5. The device according to claim 3, wherein the voltage source is configured to supply a polarisation voltage with an absolute value greater than or equal to 500 mV.

6. The device according to claim 3, wherein:

each pixel in the pixel matrix also comprises an electrical contact pad located directly on the contact layer on the side opposite the barrier layer, and
the metallic bands are composed of the same material as said electrical contact pads.

7. The device according to claim 3, wherein:

each pixel in the pixel matrix also comprises an electrical contact pad, located directly on the contact layer on the side opposite the barrier layer, and
at least one layer made of an electrically insulating material covers the entire contact layer except at the locations of said electrical contact pads.

8. The device according to claim 1, wherein the at least one separation element comprises doped bands made of a semiconducting material, each located directly on the contact layer on the side opposite the barrier layer, and each having an n or p doping so as to form a p-n or n-p junction with the contact layer.

9. The device according to claim 8, wherein the doped bands are not connected to a voltage source to polarise the doped bands.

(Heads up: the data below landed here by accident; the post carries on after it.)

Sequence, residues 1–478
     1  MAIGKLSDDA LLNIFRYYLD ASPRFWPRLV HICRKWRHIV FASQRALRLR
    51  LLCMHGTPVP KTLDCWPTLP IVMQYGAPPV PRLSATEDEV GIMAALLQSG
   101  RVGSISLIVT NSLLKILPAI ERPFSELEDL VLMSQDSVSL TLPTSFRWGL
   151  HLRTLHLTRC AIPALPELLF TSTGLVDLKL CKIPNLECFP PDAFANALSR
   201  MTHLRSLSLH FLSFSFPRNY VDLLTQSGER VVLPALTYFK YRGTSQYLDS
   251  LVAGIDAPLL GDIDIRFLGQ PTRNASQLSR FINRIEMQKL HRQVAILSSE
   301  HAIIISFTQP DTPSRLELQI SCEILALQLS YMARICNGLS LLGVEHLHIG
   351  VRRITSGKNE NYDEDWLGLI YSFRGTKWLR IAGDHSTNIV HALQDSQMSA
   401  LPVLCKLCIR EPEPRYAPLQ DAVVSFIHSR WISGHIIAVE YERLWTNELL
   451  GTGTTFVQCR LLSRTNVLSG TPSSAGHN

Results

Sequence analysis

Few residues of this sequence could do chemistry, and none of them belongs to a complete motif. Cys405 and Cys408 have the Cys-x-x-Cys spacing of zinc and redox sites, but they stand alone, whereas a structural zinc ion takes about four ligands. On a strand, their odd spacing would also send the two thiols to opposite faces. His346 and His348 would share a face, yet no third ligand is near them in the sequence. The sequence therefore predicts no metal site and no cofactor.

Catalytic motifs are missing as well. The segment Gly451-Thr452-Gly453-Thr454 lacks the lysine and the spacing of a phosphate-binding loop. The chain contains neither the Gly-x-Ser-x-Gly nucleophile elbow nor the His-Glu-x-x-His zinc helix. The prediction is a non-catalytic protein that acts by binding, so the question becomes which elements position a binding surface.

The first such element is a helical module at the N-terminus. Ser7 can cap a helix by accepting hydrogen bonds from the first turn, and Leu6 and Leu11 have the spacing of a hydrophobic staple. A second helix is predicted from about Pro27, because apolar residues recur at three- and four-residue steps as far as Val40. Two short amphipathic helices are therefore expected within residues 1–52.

10. The device according to claim 8, wherein the thickness of the doped bands is less than or equal to 15 nm, wherein the thickness is measured along an axis orthogonal to the plane of the pixel matrix.

11. The device according to claim 1, wherein the at least one separation element is in the form of a continuous grid.

12. The device according to claim 1, wherein the at least one separation element is in the form of a discontinuous grid, composed of a plurality of detached separation elements.

13. The device according to claim 12, wherein a distance between two separation elements distributed along the same straight line connecting two opposite edges of the pixel matrix is less than or equal to twice the extent of the depletion zone in the contact layer and in the direction of the depth.

14. The device according to claim 12, wherein the pixels in the pixel matrix are distributed in a square or rectangular mesh and wherein each pixel is surrounded by four detached separation elements.

15. The device according to claim 1, wherein the barrier photodetectors are of the nBn type, with the n doped absorption layer and the n doped contact layer.

Patent History
Publication number: 20200258932
Type: Application
Filed: Feb 4, 2020
Publication Date: Aug 13, 2020
Applicant: COMMISSARIAT A L'ENERGIE ATOMIQUE ET AUX ENERGIES ALTERNATIVES (Paris)
Inventors: Francois BOULARD (Grenoble Cedex 09), Cyril CERVERA (Grenoble Cedex 09), Alexandre FERRON (Grenoble Cedex 09)
Application Number: 16/780,974
Classifications
International Classification: H01L 27/146 (20060101); H01L 29/94 (20060101); H01L 31/109 (20060101); H01L 31/0304 (20060101); H01L 31/0224 (20060101);